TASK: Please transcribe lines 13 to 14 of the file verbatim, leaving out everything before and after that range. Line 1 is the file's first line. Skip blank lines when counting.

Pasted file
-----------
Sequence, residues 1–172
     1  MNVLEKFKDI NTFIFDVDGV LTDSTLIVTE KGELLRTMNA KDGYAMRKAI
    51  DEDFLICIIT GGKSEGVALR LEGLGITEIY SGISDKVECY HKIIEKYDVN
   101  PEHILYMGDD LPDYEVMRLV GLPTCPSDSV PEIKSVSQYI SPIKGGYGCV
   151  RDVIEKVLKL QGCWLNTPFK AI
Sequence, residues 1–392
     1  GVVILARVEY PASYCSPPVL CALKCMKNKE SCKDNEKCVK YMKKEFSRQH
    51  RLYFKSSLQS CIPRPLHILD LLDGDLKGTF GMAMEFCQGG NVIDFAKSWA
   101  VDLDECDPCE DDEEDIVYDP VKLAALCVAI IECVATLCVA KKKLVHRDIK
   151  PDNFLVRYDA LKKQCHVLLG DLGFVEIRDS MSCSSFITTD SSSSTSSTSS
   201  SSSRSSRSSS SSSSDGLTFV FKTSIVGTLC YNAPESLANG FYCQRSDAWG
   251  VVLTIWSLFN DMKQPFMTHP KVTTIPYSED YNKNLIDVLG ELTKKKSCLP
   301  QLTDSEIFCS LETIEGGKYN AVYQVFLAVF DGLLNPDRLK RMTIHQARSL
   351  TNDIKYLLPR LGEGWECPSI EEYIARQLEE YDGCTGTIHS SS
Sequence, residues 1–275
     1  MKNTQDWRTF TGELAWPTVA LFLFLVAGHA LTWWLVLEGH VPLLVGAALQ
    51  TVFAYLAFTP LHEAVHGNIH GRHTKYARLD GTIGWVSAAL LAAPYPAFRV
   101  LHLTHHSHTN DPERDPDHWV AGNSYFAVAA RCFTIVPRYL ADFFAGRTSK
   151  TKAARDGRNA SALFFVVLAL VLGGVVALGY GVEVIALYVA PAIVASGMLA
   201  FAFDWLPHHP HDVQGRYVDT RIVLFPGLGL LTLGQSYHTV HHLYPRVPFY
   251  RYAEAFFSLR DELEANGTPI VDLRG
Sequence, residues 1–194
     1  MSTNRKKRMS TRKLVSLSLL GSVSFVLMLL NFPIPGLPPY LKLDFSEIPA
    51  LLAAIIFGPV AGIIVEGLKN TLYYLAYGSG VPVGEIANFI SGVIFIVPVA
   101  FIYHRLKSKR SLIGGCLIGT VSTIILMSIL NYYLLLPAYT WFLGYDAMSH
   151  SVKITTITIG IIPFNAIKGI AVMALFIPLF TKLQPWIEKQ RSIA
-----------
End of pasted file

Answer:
   301  QLTDSEIFCS LETIEGGKYN AVYQVFLAVF DGLLNPDRLK RMTIHQARSL
   351  TNDIKYLLPR LGEGWECPSI EEYIARQLEE YDGCTGTIHS SS